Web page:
Indicative Votes

After months of deadlock, on Monday night Parliament voted to take control of Brexit away from the Government.

Today we will be going through a process of “indicative votes”. This might be a normal way of doing things in just about any other walk of life but in Parliament it is novel and I wanted to share with you a few thoughts about how we shall approach these votes and what we want to achieve.

Our primary goal is clear – we want to build support for a people’s vote with the option to remain in the EU. On Saturday one million people marched into Parliament Square in support of that cause. Today Liberal Democrat MPs will take that cause one step further in the Commons Chamber.

We remain unanimous in our view that whichever option emerges must then be put to a people’s vote.

We shall expect Liberal Democrat MPs to support any amendment that makes this happen.

The two most important votes for us tonight will be:

  • Margaret Beckett’s amendment that calls for a people’s vote; and
  • Joanna Cherry’s amendment that would call on the government to revoke Article 50 should we reach the day before Brexit day without a deal.

All other amendments are about what sort of Brexit we should get. Liberal Democrats do not want Brexit at all! As this process emerges we shall argue that whichever option emerges should then be put to the people in a vote against the option to remain.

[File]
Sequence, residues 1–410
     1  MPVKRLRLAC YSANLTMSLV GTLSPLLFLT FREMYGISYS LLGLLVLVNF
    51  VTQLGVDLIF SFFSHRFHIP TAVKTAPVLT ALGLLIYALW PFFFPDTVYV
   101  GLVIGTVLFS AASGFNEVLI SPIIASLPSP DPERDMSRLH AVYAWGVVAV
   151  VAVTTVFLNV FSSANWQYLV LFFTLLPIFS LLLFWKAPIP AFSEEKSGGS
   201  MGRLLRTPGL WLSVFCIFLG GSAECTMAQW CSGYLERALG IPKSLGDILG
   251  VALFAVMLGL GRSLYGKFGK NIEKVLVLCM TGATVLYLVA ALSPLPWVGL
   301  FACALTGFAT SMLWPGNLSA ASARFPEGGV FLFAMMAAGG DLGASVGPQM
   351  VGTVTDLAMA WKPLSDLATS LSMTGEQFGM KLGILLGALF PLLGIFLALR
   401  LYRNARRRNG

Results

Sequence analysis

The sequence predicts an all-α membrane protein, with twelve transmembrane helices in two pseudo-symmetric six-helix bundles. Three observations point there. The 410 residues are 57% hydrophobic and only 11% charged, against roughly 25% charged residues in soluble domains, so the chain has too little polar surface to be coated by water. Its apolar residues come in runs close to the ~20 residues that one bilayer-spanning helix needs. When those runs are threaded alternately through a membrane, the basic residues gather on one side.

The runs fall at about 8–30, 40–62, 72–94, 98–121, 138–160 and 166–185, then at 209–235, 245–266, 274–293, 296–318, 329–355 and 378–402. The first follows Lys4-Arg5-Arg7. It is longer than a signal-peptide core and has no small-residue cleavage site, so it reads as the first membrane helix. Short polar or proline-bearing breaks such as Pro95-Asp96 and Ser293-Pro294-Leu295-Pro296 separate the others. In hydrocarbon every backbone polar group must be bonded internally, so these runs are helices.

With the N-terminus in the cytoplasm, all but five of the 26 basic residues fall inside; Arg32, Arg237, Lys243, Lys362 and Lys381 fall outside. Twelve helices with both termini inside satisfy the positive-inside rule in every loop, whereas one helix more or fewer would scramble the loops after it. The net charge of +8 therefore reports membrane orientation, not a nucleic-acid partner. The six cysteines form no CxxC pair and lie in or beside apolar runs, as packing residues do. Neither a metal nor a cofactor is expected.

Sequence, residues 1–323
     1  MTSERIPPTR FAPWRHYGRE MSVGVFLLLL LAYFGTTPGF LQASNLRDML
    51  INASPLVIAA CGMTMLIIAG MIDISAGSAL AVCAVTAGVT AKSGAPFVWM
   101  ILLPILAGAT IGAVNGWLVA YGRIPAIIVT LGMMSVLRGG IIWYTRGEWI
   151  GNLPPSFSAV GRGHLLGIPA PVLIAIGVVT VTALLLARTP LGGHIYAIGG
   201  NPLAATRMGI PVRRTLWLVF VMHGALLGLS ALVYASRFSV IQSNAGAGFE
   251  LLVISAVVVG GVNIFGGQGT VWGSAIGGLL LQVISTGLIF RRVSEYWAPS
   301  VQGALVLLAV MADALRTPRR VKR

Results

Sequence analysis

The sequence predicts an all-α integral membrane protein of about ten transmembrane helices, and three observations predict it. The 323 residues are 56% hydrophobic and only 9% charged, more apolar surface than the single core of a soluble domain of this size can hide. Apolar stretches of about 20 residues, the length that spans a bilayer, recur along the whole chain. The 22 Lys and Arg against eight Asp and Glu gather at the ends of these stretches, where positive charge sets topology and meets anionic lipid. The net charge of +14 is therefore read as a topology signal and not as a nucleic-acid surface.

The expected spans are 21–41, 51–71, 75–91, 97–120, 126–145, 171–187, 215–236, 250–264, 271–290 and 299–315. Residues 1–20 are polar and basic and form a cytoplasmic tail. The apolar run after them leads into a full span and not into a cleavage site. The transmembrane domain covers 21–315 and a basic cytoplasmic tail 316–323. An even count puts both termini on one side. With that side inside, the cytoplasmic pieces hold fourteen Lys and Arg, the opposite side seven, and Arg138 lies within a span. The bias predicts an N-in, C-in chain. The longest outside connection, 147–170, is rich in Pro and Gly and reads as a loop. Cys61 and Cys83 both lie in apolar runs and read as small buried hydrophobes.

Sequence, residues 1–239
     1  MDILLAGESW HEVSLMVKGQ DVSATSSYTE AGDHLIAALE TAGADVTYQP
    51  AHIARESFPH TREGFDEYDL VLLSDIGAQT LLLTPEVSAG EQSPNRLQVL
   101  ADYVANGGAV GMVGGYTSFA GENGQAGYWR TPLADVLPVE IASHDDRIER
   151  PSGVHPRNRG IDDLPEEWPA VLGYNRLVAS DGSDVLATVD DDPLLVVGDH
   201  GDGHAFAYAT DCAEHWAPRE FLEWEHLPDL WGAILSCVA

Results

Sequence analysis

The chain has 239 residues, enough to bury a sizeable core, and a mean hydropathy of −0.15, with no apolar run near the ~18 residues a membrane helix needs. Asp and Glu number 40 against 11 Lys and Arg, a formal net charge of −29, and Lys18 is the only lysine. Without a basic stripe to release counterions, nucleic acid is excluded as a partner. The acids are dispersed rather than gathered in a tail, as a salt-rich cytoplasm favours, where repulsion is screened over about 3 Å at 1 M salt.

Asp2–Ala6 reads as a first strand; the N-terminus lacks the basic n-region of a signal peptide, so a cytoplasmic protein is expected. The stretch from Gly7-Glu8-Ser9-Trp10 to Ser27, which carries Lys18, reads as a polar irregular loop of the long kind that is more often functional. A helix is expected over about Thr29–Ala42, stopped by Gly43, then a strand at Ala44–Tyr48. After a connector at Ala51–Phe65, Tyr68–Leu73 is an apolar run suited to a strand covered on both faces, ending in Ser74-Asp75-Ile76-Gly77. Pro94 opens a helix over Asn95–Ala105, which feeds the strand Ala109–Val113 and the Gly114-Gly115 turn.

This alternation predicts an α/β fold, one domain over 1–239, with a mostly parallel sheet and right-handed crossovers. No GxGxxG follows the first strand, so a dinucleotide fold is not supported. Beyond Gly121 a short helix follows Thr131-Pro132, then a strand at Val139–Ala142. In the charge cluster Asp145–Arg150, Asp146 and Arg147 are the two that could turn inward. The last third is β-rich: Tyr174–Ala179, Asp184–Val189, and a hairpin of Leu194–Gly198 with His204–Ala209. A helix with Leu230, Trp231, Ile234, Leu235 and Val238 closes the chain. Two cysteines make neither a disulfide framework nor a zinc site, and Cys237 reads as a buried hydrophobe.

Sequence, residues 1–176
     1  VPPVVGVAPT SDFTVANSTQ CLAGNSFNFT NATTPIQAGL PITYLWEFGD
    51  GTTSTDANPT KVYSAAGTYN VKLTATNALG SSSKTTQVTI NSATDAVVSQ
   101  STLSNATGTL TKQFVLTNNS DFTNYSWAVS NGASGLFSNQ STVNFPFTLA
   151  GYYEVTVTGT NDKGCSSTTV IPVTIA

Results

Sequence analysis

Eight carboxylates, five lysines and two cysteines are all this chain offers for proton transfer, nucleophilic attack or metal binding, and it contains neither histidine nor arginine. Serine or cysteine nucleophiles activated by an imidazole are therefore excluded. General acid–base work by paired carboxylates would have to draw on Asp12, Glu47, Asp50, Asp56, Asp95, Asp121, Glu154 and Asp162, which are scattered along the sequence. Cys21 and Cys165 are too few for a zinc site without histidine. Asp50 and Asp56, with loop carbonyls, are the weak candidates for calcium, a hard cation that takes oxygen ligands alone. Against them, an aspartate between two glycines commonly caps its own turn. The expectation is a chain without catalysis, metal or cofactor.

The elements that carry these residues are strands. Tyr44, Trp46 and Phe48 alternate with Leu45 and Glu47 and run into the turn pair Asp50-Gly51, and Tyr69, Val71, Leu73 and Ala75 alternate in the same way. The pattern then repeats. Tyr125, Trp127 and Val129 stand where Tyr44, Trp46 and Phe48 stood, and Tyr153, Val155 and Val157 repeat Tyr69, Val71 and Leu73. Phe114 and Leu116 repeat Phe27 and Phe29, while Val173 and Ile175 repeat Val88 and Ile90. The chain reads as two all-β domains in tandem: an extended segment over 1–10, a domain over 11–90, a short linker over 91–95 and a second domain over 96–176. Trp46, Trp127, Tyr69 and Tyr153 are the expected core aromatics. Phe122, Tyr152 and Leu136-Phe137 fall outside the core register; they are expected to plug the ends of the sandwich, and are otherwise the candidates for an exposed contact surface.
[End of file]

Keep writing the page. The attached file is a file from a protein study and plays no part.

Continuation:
As I said at the start of this article the “indicative votes” are the start of a process. That process will conclude on Monday. To use a football analogy, if this were the World Cup then today would be the group matches and then Monday will be the playoffs. The most popular (or least unpopular) choices will be pitted against each other until we reach consensus.

The choice between different sorts of Brexit is an unpalatable one for Liberal Democrats. There is no good answer to the question and a wide range of views about which is the least bad. For that reason, we shall not formally ”whip” these votes and shall allow all our MPs to reach their own judgement. We remain unanimous in our view that whichever option emerges must then be put to a people’s vote.

Last Saturday over a million people took to the streets to breath new life into the case for a people’s vote. We owe it to them to make that case our primary objective. I am determined that we shall do that. We are closer to getting a people’s vote today than we have ever been. We must not allow other considerations to distract us.